The Forgotten Indian Football League

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Mohun Bagan supporters celebrate their teams 2015 I - League title
Mohun Bagan supporters celebrate their teams 2015 I – League title

After all the hype and hoopla surrounding the Indian Super League (ISL) and the euphoria over national team’s triumph in the SAFF Suzuki Cup, it’s time for the I-League to regale football fans in the country.

However, to expect the I-League to match the standards of the UEFA Europa league or the English Premier League would be simply foolhardy. The I-League is supposed to be country’s premier football competition but for the last few years it has been losing its sheen due to the apathy of the administration. In such a scenario, it is difficult to expect anyone to break into the national squad by playing in the league.

It seems that the All India Football Federation (AIFF) is only concerned about making money through the ISL as it has failed to develop any grassroots projects to help find local talent in football. How do you expect the “sleeping giants” (India) of football to awaken with such a callous approach?

Brazilian legend Zico, who managed FC Goa in the last two seasons of the ISL, feels it (ISL) is hardly beneficial for Indian football. He said that except for a few almost all the key players are foreigners. “With all due respect to the ISL, I can’t see it bringing any benefit to Indian football. It is zero,” said Zico. “A couple of midfielders and wing backs are Indian, rest of the team members are foreigners which does not help Indian football. When the ISL gets over, they go to the I-League where the infrastructure is not the same.”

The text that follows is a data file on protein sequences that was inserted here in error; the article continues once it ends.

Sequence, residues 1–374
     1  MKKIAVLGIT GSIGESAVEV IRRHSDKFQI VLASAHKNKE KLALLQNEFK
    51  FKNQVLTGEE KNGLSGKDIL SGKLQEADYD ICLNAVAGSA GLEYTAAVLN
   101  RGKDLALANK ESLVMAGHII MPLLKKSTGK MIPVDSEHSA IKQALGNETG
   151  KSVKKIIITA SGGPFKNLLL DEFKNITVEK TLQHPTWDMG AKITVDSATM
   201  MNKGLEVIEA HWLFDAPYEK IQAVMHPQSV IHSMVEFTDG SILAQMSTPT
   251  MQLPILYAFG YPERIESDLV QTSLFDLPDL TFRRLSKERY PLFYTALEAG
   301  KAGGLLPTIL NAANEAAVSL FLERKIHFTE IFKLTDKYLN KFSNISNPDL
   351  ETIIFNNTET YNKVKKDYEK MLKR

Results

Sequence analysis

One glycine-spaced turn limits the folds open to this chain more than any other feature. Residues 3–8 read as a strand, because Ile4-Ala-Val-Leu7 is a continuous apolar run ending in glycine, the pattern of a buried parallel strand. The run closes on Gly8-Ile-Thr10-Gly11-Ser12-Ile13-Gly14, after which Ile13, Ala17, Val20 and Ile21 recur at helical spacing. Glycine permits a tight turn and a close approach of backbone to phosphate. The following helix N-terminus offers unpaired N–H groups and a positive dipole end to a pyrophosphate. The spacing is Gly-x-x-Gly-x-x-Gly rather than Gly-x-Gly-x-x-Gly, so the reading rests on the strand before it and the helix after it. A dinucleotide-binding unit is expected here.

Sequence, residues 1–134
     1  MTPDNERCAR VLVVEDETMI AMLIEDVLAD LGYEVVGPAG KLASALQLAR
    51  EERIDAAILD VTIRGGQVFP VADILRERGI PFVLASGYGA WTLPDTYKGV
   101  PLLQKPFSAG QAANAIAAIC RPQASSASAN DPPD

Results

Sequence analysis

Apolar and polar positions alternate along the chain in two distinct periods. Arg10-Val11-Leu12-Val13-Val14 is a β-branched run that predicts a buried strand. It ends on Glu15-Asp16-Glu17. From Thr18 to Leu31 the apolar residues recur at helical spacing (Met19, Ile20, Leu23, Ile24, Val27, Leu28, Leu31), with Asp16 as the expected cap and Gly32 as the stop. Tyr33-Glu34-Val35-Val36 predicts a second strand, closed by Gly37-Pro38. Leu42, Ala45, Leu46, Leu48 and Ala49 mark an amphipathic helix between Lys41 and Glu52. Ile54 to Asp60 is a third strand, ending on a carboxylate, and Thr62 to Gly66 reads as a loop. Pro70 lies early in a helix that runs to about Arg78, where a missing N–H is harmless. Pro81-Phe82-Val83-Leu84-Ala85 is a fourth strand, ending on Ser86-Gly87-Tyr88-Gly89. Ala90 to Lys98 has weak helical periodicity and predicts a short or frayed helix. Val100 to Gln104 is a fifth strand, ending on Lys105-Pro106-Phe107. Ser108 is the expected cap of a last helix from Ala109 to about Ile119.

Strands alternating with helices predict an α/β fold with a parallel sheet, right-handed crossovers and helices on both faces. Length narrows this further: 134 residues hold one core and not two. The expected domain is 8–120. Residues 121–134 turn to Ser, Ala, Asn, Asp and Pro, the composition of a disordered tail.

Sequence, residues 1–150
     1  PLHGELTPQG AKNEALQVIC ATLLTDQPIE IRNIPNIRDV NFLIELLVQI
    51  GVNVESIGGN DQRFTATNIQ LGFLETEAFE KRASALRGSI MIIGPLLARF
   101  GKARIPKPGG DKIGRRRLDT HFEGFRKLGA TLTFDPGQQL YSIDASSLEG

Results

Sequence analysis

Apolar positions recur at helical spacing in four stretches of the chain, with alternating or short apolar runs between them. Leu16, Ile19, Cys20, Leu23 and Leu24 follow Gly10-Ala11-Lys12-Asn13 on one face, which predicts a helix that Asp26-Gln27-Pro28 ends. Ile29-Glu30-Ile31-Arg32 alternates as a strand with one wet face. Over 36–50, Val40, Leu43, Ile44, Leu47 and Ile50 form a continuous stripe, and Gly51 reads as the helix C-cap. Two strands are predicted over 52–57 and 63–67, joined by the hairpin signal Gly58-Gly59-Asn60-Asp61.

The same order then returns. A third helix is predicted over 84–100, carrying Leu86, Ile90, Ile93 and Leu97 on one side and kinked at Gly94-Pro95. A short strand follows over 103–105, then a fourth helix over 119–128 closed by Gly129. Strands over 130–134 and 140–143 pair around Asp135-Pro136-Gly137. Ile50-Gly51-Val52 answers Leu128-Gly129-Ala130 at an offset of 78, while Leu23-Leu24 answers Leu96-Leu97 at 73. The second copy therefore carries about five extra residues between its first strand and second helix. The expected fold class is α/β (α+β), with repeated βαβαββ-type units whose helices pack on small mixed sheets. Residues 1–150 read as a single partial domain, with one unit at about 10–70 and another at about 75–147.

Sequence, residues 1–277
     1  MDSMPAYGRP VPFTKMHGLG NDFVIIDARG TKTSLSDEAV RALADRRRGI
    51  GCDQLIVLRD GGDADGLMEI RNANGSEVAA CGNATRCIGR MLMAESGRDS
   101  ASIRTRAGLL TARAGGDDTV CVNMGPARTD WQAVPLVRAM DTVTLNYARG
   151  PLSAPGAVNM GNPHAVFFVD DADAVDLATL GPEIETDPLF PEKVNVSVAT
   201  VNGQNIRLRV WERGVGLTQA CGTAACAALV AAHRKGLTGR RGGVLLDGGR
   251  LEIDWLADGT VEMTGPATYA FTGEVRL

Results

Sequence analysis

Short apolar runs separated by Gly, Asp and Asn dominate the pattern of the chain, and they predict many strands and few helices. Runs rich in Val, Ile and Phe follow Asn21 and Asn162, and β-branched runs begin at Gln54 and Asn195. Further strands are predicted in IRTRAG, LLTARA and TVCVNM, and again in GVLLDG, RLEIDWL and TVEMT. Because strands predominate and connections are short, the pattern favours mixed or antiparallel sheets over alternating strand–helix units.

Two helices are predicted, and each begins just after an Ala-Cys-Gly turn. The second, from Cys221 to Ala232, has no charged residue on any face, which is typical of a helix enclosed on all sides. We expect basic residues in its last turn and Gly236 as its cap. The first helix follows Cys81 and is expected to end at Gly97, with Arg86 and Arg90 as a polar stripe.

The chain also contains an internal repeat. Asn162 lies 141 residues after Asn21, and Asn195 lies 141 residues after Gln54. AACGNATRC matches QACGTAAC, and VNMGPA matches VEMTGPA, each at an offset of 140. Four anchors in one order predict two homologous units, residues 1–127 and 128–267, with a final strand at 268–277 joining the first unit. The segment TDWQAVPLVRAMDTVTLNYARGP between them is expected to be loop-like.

The lack of infrastructure has been plaguing Indian football for decades and yet, there has been no efforts to find a solution to the problem. The withdrawal of clubs such as Mahindra United, JCT, and more recently Pune FC, Bharat FC and Royal Wahingdoh from the I-League amplify the governing body’s failure to develop adequate infrastructure for the game to prosper. “If they want the development of Indian football, the rules have to be the same as the Asian Football Confederation (AFC). It was this way that Japan, Uzbekistan and Qatar football has grown,” Zico said.

Last season of I-League was one of the most memorable in recent times, throwing up an unlikely third-placed finish for Royal Wahngdoh and relegation for record winners Dempo SC. In a dramatic finale, Kolkata giants Mohun Bagan clinched a leveler in the dying minutes against Bengaluru FC to win their first league title since 2001. Crowds in most of the matches were humongous. Even in away games of the Kolkata giants especially in places such as Pune, Mumbai, Goa and Bangalore, the attendance was over 30,000.